Take slavery.  We fought a Civil War to rid ourselves of this evil.  However, slavery existed in Bible times, and it’s still going on today.  In fact, most of us profit from it, through the goods we use and the clothing we wear.  Or genocide — this makes us think of the Holocaust, but it’s far from an isolated occurrence.  Stalin killed millions of his own people;  native Americans were slaughtered by Europeans;  Armenians were massacred during WWI.  Even the pandemic, which seems new to us, has happened before.  What about the plague?  Or the Spanish Flu epidemic in the 1900’s?

The fact of the matter is, we and the world around us are infected by sin.  It’s not going away.  It won’t get better.  That’s why we needed a savior.  That is the one new thing that has happened in the whole history of the human race.  God became a man.  He did that to save us from the same old things we keep repeating over and over.  He is our only hope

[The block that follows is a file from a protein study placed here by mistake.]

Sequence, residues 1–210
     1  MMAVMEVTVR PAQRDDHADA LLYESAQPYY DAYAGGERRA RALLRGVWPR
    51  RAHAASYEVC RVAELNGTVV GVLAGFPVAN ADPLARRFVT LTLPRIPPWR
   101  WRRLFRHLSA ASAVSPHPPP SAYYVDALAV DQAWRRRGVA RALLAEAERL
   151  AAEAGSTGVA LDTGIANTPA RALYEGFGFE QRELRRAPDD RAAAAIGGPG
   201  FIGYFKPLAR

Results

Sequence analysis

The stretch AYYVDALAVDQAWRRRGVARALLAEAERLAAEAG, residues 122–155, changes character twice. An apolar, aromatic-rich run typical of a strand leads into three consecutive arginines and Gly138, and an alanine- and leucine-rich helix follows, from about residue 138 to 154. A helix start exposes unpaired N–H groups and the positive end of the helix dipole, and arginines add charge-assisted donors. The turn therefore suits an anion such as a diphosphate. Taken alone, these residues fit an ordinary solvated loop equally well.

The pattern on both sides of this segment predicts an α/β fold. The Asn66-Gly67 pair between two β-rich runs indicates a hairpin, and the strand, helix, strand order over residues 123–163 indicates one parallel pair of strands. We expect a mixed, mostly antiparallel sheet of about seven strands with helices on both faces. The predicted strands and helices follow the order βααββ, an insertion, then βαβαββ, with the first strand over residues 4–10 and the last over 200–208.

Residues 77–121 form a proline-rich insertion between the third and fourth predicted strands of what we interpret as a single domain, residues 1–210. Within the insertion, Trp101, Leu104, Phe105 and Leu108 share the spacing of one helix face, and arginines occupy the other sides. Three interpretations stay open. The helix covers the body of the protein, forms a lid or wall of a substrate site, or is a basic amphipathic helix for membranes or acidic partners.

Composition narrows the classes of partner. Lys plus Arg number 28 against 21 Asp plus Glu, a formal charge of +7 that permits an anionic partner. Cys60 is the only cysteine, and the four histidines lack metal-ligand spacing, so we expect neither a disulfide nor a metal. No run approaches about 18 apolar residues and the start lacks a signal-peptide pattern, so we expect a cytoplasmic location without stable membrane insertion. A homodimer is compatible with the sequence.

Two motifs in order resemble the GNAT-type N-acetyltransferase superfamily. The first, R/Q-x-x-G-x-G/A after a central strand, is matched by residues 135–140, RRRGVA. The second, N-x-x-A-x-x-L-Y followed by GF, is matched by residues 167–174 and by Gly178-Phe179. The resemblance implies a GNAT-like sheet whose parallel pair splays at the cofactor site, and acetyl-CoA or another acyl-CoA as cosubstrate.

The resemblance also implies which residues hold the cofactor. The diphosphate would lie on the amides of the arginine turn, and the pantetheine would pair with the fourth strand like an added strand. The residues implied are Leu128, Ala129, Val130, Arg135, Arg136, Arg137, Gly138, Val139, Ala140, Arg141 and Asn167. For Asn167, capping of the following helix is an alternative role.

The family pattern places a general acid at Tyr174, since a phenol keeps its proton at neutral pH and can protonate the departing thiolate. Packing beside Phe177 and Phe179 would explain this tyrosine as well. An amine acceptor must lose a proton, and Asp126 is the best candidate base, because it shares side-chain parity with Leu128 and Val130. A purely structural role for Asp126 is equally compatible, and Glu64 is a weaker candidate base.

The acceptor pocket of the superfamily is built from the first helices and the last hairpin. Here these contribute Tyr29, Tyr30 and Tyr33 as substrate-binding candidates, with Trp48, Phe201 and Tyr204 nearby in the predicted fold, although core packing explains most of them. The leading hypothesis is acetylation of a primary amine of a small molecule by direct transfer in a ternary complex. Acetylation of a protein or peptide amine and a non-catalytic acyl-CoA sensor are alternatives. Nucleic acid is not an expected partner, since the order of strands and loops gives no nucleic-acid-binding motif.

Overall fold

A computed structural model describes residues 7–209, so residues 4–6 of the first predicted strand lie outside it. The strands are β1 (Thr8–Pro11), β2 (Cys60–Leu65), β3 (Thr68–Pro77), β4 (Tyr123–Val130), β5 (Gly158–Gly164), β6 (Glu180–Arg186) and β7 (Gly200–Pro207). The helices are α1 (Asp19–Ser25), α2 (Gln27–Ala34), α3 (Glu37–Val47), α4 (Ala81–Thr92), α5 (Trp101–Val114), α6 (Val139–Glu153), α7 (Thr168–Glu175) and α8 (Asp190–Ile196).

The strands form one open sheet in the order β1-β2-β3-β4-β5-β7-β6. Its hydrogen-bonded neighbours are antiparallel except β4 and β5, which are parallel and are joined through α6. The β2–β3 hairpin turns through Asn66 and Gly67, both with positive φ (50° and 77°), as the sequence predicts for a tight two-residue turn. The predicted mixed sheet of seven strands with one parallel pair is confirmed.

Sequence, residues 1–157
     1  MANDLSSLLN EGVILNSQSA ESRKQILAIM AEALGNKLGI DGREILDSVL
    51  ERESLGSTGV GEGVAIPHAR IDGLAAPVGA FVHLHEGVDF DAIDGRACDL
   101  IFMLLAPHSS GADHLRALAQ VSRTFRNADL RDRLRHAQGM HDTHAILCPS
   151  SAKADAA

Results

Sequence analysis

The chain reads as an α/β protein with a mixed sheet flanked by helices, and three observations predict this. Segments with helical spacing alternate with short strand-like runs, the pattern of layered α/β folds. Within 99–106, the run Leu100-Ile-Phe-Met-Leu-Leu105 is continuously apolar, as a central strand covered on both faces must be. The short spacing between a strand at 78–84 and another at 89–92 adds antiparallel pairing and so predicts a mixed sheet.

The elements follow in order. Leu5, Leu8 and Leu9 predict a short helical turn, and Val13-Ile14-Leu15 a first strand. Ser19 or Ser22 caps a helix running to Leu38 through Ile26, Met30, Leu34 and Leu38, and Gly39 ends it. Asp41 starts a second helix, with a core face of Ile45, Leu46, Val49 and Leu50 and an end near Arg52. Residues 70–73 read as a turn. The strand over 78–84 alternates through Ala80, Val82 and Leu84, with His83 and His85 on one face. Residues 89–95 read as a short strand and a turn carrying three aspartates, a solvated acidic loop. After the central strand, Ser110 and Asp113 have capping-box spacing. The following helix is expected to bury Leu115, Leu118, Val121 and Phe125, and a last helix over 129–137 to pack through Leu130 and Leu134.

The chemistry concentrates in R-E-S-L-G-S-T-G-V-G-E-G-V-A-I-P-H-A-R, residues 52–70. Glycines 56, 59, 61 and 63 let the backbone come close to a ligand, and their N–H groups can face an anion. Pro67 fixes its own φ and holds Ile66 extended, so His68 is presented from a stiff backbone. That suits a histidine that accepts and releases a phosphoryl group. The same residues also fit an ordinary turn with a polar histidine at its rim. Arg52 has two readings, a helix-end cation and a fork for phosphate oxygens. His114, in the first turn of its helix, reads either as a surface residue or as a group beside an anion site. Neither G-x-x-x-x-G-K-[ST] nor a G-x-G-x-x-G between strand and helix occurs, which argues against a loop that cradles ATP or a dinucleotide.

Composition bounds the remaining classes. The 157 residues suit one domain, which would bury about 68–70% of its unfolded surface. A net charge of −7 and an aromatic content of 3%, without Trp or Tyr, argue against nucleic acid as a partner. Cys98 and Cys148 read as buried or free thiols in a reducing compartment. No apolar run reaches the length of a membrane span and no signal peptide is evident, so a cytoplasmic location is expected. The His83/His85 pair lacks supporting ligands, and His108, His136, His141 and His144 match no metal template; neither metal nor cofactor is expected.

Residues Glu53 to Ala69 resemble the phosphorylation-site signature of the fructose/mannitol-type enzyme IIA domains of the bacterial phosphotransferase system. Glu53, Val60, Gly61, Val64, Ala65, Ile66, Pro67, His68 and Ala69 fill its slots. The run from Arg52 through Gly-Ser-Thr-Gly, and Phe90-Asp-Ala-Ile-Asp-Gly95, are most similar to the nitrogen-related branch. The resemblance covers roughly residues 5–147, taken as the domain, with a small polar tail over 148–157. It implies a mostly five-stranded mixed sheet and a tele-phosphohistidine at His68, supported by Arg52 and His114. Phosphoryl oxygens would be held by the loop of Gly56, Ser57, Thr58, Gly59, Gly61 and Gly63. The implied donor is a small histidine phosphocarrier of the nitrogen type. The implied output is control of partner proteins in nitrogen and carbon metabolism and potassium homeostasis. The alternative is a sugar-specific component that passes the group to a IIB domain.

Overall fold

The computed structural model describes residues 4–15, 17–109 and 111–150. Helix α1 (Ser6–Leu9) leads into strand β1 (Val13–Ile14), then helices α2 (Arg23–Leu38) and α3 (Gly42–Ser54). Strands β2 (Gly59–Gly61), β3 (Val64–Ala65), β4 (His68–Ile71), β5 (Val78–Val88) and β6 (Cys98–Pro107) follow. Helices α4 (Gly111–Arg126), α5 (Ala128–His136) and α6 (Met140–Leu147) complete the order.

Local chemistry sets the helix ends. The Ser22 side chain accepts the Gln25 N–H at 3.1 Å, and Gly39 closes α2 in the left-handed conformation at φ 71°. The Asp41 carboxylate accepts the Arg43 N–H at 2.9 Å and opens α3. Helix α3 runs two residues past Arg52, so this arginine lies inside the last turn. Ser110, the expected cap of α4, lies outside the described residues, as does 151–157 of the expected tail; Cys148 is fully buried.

As Paul said in the book of Ephesians:

I pray that the eyes of your heart may be enlightened in order that you may know the hope to which he has called you, the riches of his glorious inheritance in his holy people, and his incomparably great power for us who believe. ”  Ephesians 1:18-19

For more on the book of Ecclesiastes see these posts:

God Moments in Ecclesiastes

Ecclesiastes 3:3

Another Blast from the Past


New Month/New Theme

This month our theme will be hope.  The Christmas season is a time when we remember the birth of Jesus, who brings light to our dark world and hope for eternity.